''We are that we eat'': food as source of health    Play Audio

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Food as source of health
"We are what we eat"

Food, health, healthy food, nutrition, metabolism, traditional food, culinary techniques, healthy fats, water





''We are that we eat'': food as source of health
When we eat any food, it is transformed into nutrients through a process called thermogenesis. Depending on the food consumed and its composition, and importantly, taking into account the process to which it was exposed before consuming it, our body will be able to obtain specific nutrients, whether macronutrients (carbohydrates, proteins or lipids) or micronutrients (vitamins and minerals) in different proportions. Therefore, these nutrients will play a role on the different physiological processes to achieve a correct body function. For example, when we eat a pepper, due to the thermogenesis process, we are obtaining vitamin C, that will participate in the absorption of iron or neutralizing free radicals, acting as an antioxidant. This is the reason why, when we usually talk about food, we also mean health. It is necessary to feed ourselves, stay well-nourished, and thus make our body work properly.

Up to date, the scientific evidence has already demonstrated the well-established relationship between nutrients and health status or diseases. For example, it is well-known that an excessive consumption or lipids is directly related not only to being overweight or obese, but also to a higher prevalence of metabolic and cardiovascular diseases. Similarly, scientific and clinical studies have concluded that a deficiency of some micronutrients, such as vitamins and minerals, are the cause of multiple diseases. For example, a diet lacking vitamin C deficiency is closely associated with the development of scurvy; a deficiency of iron intake will cause anemia, or a deficit in the calcium and vitamin D ratio can cause osteoporosis.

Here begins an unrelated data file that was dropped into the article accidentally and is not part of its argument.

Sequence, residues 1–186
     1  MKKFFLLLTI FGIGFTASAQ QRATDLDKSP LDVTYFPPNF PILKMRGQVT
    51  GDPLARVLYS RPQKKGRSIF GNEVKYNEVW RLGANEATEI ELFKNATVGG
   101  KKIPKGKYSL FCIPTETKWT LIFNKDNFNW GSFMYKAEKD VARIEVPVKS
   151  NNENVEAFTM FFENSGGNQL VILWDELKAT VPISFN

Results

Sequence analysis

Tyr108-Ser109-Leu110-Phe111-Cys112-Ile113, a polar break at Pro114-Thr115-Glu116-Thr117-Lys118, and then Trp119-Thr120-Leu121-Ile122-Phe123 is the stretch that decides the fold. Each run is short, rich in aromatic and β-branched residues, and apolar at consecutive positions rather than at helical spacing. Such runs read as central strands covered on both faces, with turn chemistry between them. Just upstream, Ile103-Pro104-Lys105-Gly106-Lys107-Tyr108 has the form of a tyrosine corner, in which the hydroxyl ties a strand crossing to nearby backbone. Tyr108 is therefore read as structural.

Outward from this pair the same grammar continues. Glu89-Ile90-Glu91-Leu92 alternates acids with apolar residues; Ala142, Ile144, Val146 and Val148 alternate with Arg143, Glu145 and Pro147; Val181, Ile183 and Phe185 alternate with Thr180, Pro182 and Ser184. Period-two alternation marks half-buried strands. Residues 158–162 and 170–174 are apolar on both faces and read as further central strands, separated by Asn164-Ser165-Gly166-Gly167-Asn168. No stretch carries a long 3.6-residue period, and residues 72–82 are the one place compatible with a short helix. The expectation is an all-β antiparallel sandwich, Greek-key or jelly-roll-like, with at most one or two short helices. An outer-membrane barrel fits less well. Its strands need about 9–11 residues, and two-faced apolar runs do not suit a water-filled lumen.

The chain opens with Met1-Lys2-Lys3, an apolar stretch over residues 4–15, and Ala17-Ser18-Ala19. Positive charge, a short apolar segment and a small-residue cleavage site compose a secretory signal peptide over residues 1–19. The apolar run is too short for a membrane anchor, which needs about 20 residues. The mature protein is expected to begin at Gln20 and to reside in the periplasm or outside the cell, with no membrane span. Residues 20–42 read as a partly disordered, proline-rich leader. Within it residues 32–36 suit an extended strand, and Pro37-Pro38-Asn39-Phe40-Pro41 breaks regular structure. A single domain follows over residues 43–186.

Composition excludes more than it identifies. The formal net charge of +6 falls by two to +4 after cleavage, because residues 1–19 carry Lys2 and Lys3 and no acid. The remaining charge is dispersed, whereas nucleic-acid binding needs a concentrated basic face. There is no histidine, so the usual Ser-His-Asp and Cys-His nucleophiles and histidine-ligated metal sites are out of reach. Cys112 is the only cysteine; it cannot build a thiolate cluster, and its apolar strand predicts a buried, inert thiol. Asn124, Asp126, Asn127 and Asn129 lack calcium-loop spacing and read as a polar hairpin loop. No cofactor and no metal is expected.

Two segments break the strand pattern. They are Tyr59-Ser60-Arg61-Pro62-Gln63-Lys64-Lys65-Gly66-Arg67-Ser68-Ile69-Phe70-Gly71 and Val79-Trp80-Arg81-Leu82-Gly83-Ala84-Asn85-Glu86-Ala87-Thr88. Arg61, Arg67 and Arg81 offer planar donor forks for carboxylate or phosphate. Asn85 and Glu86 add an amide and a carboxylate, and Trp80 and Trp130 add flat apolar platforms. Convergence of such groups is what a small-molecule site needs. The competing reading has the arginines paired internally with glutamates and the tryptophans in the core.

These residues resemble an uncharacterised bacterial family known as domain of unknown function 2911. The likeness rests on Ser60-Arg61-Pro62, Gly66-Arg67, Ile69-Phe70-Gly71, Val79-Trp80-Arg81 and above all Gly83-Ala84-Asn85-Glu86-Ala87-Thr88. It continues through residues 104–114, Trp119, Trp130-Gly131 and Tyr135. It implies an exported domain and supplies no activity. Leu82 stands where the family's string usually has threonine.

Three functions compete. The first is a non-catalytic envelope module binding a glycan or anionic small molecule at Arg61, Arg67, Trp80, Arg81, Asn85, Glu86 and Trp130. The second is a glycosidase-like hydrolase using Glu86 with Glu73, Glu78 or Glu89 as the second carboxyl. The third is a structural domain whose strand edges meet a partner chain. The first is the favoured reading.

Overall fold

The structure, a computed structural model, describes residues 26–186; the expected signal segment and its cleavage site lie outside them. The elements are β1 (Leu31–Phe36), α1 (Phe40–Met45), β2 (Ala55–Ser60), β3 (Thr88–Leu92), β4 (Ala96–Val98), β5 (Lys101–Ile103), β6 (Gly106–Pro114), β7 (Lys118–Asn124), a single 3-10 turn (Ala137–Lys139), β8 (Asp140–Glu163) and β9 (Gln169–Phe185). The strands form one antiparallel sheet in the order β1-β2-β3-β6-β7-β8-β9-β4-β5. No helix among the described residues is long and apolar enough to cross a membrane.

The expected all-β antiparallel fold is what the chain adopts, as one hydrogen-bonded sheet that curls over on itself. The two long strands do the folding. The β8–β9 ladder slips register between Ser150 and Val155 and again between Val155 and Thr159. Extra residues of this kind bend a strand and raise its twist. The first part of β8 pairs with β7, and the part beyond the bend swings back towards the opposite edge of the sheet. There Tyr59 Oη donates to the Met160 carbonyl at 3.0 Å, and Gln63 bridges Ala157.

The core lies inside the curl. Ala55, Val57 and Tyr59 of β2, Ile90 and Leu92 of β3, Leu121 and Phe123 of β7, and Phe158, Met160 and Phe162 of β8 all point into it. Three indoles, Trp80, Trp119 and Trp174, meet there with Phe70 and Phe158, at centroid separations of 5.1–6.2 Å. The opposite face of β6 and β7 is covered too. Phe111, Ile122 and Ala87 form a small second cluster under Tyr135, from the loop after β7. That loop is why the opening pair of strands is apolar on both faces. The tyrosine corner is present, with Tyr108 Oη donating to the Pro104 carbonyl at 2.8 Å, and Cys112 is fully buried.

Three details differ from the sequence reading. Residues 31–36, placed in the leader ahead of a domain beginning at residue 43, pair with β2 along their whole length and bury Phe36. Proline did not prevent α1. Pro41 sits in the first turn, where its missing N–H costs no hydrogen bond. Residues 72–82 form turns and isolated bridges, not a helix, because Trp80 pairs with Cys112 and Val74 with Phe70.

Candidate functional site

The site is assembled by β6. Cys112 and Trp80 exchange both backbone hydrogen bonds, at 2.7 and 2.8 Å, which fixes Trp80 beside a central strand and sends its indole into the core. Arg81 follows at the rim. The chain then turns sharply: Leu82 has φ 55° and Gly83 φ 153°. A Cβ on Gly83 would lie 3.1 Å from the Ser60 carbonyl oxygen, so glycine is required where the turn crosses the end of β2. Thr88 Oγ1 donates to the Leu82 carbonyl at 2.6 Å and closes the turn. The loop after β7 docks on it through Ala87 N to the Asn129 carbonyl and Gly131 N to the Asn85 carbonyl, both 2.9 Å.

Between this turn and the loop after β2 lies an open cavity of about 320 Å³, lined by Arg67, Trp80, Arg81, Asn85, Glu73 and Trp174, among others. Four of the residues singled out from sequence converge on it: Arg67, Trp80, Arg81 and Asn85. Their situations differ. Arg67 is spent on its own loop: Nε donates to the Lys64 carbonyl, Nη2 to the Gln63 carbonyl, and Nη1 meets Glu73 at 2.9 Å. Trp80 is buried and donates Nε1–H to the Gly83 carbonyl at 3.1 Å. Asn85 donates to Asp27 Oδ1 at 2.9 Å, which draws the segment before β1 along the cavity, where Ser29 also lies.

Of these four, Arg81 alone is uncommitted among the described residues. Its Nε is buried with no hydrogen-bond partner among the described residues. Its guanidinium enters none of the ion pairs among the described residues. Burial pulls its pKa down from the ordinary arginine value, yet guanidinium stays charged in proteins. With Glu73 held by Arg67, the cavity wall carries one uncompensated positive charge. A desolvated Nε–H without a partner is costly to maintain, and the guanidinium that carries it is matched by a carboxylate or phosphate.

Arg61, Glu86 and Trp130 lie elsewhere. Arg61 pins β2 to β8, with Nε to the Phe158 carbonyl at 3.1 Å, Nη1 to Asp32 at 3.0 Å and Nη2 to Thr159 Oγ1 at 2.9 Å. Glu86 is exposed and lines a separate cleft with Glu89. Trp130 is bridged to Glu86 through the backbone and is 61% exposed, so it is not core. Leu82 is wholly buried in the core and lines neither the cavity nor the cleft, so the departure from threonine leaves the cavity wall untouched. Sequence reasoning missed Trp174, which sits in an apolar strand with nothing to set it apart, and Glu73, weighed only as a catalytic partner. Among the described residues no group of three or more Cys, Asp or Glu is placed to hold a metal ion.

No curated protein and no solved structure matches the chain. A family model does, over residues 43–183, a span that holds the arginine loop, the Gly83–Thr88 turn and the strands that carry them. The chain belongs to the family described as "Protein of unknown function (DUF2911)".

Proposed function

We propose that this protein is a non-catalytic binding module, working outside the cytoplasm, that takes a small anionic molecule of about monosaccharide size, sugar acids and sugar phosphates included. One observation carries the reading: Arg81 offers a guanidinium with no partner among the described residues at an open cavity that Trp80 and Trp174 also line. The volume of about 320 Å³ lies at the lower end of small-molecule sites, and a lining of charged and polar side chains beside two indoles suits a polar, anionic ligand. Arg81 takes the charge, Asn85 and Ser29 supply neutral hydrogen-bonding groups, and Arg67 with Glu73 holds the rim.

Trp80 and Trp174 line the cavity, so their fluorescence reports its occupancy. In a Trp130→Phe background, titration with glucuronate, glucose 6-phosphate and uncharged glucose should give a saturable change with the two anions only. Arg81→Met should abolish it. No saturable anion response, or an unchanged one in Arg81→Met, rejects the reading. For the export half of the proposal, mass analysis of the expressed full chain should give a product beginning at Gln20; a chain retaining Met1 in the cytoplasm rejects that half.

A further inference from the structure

The latest scientific articles published, including several meta-analyses with high level of evidence, already highlight that the current high consumption of ultra-processed foods, replacing the consumption of other healthier foods, is leading to an increase in overweight and obesity, even in pediatric and adolescent populations, and the consequences associated with this overweight are well-known: diabetes, hypertension, musculoskeletal problems and cardiovascular diseases.
Therefore, taking these ideas into account, the sentence "we are what we eat" becomes more important day by day.
It is important to educate on how we eat. The benefits of taking healthy aliments with adequate cooking techniques could give us a better health status. A healthy lifestyle which comprises a healthy diet and engaging in physical activity, has proven to reduce the prevalence of diseases, especially chronic diseases. There are a great number of meta-analyses and scientific studies that show that most of cardiovascular and metabolic diseases also appear as a consequence of the high consumption of ultra-processed foods, so we should replace them by healthier and more palatable meals, with nearby products and with traditional culinary techniques.

Associated recommendations to promote the adherence to a healthier lifestyle are to engage in daily physical activity, adequate water consumption, healthy cooking techniques and emotional balance. In this area, it is important to note that emotions should not influence our alimentary habits. It is essential to know the most common dietary patterns in the population in order to stablish relationships between diet and health.
Representative Products
Vegetables, fruits, fish, meat, eggs, legumes, tubers, physical activity, water.
The associated risks are based on the ignorance of the real dietary pattern by the population. Usually, people are guided by a desirability bias and tend to not tell professional nutritionists their real intake pattern, either due to not remember or because they feel they could be judged.

Also, the ignorance of what is a healthy diet is an important issue. There is the false belief that a high protein or low carbohydrate diet can comply with healthy dietary patterns. In those restricted diets, patients must be controlled by a specialist who evaluates clinical parameters to avoid risks, and follow the evidence provided in well-designed studies, avoiding false myths.

Another cause of concern is the belief that all natural products are safe. Dietary supplements are products that contain many herbal substances that, when metabolised, generate secondary metabolites that can be toxic. These products should be legislated and many, without scientific studies to validate them, are available to any consumer on the Internet. Moreover, the intake of these products can cause adverse reactions, from allergic reactions to severe liver injury.
Further references

Ultra-processed foods, diet quality and human health

The Food Pyramid: A Dietary Guideline in Europe

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